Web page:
Education consultant and life coach Frances Curtis Frazier was born on May 19, 1948 in Philadelphia, Pennsylvania to Patsy Thompson Curtis, a homemaker and William Henry Curtis, a building manager. In 1966, she graduated from Little Flower Catholic High School. After high school, Fran applied to become a Vista Volunteer, the national forerunner of the current Vista Program. She was in one of the first groups of this national initiative for young people to become part of “The Great America”. She studied at John Hopkins University and worked with maternal deprivation babies. Later she was sent to Portsmouth, Virginia in a small community to help residents who were being harassed by the Klu Klux Klan. Fran taught peanut farmers how to read and write. It was after her Vista experience that with the help of a local school principal she entered Norfolk State University and in 1972 received her B.S. degree in special education. Fran received a Master/Doctoral fellowship to attend The Ohio State University and graduated with her M.A. degree in learning disabilities and behavioral disorders in 1973.
In 1986, Frazier was a special education teacher for Columbus City Schools, working primarily with seventh and eighth graders. After working as a special needs coordinator for the National Assault Prevention Center of Columbus, Ohio from 1985 to 1987, Frazier was hired to the executive staff for the Director of the Ohio Department of Human Services. While at the Department of Human Services, Frazier worked for the Office of Minority Family Preservation and Prevention Services and served as an administrator for cultural initiatives. She has also served as an education and school climate consultant for universities, colleges, professional associations, school districts, and social service agencies across the country. Since 1979, Frazier has established programs, conducted retreats and given presentations on issues of sisterhood, spiritual development and self-empowerment.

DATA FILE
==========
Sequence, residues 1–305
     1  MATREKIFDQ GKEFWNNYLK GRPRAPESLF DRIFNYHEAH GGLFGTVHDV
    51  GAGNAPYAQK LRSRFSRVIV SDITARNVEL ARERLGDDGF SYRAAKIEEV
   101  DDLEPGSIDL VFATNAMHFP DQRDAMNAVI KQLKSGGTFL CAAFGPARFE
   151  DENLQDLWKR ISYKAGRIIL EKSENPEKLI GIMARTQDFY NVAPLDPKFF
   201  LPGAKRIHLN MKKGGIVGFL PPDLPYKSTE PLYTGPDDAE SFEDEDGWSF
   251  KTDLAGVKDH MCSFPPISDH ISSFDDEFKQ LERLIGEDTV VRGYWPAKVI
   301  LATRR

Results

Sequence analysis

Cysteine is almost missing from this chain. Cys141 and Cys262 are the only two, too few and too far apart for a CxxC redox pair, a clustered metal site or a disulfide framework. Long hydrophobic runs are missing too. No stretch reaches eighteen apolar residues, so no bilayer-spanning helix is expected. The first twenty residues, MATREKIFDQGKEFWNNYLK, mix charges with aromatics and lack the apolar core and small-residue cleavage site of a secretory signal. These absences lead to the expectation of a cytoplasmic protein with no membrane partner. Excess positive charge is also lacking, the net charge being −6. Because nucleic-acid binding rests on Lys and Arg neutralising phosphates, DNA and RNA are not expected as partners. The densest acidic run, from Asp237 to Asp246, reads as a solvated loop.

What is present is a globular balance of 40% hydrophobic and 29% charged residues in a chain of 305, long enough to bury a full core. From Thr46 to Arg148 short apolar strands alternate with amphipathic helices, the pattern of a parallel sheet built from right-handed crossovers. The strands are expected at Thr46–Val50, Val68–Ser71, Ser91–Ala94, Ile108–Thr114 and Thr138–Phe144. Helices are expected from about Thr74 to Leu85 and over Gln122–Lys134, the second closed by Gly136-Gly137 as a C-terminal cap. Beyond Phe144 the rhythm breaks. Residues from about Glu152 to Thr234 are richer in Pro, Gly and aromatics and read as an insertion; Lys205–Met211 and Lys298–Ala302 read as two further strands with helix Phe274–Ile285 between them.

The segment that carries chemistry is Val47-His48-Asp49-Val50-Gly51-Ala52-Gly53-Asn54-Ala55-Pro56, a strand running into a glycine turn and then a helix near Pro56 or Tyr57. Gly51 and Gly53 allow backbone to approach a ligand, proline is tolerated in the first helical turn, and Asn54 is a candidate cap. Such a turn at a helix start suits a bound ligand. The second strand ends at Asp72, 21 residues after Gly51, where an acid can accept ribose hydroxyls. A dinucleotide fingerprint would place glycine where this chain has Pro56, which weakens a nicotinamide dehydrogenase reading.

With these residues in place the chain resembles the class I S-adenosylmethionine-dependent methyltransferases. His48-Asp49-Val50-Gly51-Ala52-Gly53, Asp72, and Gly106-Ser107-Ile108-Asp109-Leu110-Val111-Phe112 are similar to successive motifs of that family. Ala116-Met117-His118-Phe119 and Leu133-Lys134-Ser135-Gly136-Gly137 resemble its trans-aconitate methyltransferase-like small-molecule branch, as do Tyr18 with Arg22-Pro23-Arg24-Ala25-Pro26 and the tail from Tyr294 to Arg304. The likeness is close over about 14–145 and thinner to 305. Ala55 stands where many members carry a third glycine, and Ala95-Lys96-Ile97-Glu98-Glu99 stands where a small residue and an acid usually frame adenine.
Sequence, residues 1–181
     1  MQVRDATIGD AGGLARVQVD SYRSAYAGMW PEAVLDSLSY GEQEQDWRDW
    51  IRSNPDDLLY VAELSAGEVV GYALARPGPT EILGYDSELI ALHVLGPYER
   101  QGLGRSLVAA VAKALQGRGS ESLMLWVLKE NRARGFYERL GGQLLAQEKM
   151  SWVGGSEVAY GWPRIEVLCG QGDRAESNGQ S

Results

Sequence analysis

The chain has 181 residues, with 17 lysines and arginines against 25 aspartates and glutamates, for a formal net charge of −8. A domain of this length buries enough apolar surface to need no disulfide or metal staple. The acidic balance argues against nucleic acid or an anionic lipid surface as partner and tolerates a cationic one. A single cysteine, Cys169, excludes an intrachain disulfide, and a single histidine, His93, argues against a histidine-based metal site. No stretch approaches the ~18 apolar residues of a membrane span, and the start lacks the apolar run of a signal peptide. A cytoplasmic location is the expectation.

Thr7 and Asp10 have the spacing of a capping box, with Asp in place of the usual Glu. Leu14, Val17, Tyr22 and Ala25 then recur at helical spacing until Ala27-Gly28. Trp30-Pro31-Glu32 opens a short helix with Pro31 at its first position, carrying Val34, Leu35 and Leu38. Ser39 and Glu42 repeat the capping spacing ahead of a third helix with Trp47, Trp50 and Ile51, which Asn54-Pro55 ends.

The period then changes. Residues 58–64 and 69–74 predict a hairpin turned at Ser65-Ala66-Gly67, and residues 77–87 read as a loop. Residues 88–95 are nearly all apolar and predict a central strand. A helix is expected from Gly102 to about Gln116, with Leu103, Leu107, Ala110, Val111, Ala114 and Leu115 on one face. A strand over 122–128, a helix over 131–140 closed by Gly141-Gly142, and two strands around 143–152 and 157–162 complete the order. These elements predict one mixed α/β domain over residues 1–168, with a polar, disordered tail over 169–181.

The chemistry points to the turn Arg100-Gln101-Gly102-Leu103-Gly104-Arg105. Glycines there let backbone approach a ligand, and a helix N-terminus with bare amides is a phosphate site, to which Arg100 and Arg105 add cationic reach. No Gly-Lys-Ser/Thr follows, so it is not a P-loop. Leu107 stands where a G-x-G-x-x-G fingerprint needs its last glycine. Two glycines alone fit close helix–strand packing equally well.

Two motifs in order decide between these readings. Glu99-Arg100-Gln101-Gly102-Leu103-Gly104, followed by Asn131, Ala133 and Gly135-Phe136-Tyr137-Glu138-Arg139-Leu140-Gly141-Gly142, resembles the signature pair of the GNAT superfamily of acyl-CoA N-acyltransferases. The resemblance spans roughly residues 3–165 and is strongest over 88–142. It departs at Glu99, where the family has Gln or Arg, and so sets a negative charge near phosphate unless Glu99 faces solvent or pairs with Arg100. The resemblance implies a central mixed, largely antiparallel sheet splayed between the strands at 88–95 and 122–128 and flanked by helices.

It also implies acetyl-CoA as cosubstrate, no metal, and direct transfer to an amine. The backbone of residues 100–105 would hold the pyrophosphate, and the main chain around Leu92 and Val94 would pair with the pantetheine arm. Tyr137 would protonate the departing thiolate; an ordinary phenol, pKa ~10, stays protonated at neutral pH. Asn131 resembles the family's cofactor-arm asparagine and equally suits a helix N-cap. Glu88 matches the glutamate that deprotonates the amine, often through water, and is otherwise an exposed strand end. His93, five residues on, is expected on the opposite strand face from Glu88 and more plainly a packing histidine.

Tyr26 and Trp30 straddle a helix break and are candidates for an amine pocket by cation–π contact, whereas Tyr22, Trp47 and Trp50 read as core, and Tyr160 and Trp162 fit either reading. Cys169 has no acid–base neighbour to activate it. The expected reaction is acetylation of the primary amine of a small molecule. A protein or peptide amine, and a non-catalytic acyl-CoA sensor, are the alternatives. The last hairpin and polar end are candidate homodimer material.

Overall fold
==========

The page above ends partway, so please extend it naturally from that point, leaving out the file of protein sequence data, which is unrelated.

In her current role, Frazier is the principal investigator of “Rise Sister Rise,” a research study on trauma and resiliency in African American girls that was developed in partnership with the Ohio Department of Mental Health and women’s organizations across the state. Additionally, Frazier serves as a senior associate for Everyday Democracy, an organization that promotes public dialogue and civic engagement in communities and workplaces.
Frazier has received numerous awards and commendations for her work including the Black Family Award from the Columbus Urban League for co-creating “Black Family Week” in the state of Ohio; the “Woman of the Year” Award from the Eldon W. Ward YMCA; the “Women Making A Difference Award for Community Leadership” from the Ohio Department of Health; from Triedstone Missionary Baptist Church she received the “Remarkable Women’s Award” for her work in the Columbus community. She has also garnered the YWCA “Woman of Achievement Award” in Racial Justice and recognition from the State of Ohio for engaging state employees to participate in workplace dialogues on racism. Frazier has received the “Golden Rulers Award” from the Columbus, Ohio School Board. She is also a recipient of the “Living Faith” Award from the Columbus Metropolitan Area Church Council.
Frances Curtis Frazier was interviewed by The HistoryMakers on April 6, 2012.